The Se speciation in germinating Alternaria-colonized or uncolonized A. bisulcatus seeds was similar: 86–90% C-Se-C. This was likely MeSeCys and glutamyl-MeSeCys, as has been previously reported for seeds (Nigam and McConnell, 1969); MeSeCys has also been found to be the main form of Se in leaves (Freeman et al., 2006b) and flowers of this species (Valdez Barillas et al., 2012). In contrast, an earlier study by Valdez Barillas et al. (2012) found a seed in a late-stage Alternaria infestation to contain 22% Se0, both in the seed and the mycelium growing from the seed. These results suggest that this Alternaria can convert the C-Se-C in the seed to Se0, perhaps as a tolerance mechanism. Grown in pure culture, A2 produced Se0 when supplied with selenite. Conversion of more toxic forms of Se to insoluble, inert Se0 is known to be a tolerance mechanism for many microbes (Gharieb et al., 1994 and citations therein; Gadd, 1993; Lovely, 1993). A2 appears to have a different Se resistance mechanism for selenate, since it contained a variety of organic selenocompounds (C-Se-C) when supplied with this form of Se. The tolerance of A2 to selenate was much higher than for selenite. Surprisingly, although A2 grew very well on seeds that contained upward of 1,000 mg Se kg-1 (Galeas et al., 2007; Quinn et al., 2011a), it was already 50% inhibited by 25 mg kg-1 Se extracted from A. bisulcatus flowers, as well as by 20 mg kg-1 MeSeCys. A possible explanation for the ability of A2 to successfully grow on these high-Se plants could be that A2 occupies areas of the plant where there is relatively less Se, such as the interface between the seed coat and the seed embryo, and in the apoplast. As shown here, the seed coat contains very little Se, and in earlier studies energy dispersive X-ray analysis of hyperaccumulator leaves revealed that Se is generally stored in the vacuole in Se hyperaccumulators, and not in the apoplast (Freeman et al., 2006c, 2010). Thus, A2 may not encounter toxic Se levels in the living plant, like it does when grown on pure selenocompounds or homogenized plant extract.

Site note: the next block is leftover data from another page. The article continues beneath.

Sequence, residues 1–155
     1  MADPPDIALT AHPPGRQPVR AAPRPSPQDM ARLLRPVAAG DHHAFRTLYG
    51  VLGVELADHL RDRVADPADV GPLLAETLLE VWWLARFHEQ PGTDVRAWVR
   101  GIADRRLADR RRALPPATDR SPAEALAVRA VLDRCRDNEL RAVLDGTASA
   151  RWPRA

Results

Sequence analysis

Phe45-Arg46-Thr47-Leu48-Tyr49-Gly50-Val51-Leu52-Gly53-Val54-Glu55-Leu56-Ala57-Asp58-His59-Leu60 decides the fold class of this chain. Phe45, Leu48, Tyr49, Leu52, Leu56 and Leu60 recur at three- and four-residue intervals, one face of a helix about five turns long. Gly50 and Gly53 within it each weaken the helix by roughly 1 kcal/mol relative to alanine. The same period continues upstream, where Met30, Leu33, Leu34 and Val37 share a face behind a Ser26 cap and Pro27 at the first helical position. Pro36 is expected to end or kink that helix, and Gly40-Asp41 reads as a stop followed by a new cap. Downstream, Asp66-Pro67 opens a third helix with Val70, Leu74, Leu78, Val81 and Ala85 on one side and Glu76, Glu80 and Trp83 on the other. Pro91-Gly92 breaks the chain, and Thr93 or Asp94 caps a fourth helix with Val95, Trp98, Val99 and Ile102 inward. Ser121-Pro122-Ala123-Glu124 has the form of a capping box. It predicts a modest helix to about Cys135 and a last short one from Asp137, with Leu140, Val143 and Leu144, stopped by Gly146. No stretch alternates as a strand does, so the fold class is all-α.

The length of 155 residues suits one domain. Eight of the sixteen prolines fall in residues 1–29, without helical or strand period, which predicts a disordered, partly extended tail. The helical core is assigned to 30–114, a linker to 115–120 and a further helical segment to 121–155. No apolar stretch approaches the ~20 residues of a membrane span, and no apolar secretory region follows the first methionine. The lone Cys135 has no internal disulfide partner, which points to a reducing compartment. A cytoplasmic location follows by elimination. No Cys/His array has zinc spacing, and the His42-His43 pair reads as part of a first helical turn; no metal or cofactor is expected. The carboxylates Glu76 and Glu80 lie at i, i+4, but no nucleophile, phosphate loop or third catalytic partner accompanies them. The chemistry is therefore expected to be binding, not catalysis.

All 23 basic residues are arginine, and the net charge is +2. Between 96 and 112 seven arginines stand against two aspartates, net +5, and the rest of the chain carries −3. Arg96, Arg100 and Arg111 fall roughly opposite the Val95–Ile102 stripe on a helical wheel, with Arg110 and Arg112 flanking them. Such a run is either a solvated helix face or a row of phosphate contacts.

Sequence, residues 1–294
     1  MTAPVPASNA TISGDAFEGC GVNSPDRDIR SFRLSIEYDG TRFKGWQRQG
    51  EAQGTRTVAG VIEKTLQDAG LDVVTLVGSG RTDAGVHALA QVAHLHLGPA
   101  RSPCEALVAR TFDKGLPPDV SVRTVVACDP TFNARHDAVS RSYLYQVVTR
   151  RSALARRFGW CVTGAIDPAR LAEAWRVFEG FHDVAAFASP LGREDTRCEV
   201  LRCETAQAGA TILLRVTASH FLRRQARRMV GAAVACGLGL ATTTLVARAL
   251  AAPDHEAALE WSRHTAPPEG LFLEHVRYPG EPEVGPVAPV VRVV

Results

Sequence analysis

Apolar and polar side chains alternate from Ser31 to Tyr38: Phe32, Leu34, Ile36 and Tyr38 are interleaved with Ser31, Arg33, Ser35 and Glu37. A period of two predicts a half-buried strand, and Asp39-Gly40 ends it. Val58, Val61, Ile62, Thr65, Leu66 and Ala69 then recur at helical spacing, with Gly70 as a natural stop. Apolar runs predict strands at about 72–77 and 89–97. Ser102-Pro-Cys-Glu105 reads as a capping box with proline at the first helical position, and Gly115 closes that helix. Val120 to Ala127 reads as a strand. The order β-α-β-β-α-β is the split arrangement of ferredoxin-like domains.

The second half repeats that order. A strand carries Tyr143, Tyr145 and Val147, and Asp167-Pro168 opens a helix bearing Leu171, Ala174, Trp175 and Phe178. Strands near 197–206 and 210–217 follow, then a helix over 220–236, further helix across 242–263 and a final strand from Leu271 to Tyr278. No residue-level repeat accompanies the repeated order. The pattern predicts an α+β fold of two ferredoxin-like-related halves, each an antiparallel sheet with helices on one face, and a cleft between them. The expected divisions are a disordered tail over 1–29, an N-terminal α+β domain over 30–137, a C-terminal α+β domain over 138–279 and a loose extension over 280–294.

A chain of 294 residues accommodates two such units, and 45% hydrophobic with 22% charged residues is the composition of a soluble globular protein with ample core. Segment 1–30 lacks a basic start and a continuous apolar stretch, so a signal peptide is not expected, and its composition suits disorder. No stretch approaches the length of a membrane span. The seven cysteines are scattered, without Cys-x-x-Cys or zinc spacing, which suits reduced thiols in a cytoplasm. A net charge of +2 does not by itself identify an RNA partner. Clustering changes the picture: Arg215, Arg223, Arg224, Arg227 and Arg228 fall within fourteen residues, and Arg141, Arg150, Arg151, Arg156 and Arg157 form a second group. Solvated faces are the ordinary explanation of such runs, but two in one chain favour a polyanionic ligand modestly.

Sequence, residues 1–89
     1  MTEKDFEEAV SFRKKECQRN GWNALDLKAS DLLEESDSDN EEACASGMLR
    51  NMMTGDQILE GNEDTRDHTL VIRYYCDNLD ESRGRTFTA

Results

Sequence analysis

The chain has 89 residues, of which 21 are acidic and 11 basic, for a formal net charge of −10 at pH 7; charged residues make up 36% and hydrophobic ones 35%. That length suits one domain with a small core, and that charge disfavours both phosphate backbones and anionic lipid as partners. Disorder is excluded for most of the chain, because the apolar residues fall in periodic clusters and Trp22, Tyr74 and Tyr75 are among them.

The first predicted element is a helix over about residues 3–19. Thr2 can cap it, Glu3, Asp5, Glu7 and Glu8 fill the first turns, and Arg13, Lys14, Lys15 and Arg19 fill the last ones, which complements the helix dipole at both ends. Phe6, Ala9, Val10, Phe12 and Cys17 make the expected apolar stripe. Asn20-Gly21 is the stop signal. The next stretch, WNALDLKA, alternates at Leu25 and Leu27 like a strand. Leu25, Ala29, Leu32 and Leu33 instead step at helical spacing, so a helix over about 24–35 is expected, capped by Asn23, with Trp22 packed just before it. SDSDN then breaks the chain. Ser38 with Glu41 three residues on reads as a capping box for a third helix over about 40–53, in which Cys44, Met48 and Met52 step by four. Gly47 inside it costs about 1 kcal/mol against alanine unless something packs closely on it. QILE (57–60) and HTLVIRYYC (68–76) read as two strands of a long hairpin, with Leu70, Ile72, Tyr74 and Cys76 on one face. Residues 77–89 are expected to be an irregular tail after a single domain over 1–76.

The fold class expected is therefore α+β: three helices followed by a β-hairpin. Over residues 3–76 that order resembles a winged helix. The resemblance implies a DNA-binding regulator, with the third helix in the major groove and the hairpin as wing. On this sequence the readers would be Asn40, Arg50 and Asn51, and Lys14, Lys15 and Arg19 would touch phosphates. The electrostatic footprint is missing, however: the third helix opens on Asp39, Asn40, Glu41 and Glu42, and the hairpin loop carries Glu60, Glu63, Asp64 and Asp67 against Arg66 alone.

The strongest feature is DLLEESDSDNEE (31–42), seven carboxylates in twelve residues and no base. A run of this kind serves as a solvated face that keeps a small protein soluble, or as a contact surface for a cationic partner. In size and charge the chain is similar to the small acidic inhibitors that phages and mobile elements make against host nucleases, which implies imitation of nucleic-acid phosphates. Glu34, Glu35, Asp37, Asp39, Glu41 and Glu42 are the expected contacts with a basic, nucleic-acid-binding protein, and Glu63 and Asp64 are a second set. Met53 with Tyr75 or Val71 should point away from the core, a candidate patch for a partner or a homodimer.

The ITS sequence alignment identification of the fungus revealed an interesting similarity to another fungal-symbiont of A. bisulcatus, A. astragali (A3), which was originally isolated from the rhizoplane of surface-sterilized roots (Wangeline and Reeves, 2007). An additional Alternaria species, A. seleniiphila (A1) was isolated from the rhizoplane of hyperaccumulator Stanleya pinnata (Wangeline and Reeves, 2007). Both A1 and A3 were characterized for Se tolerance and speciation by Lindblom et al. (2013a). The Se-related characteristics of A2 are somewhat similar to A1 and A3. All are capable of reducing selenite to Se0 and all are fairly tolerant to selenate. All three also stimulated the growth of their hyperaccumulator host.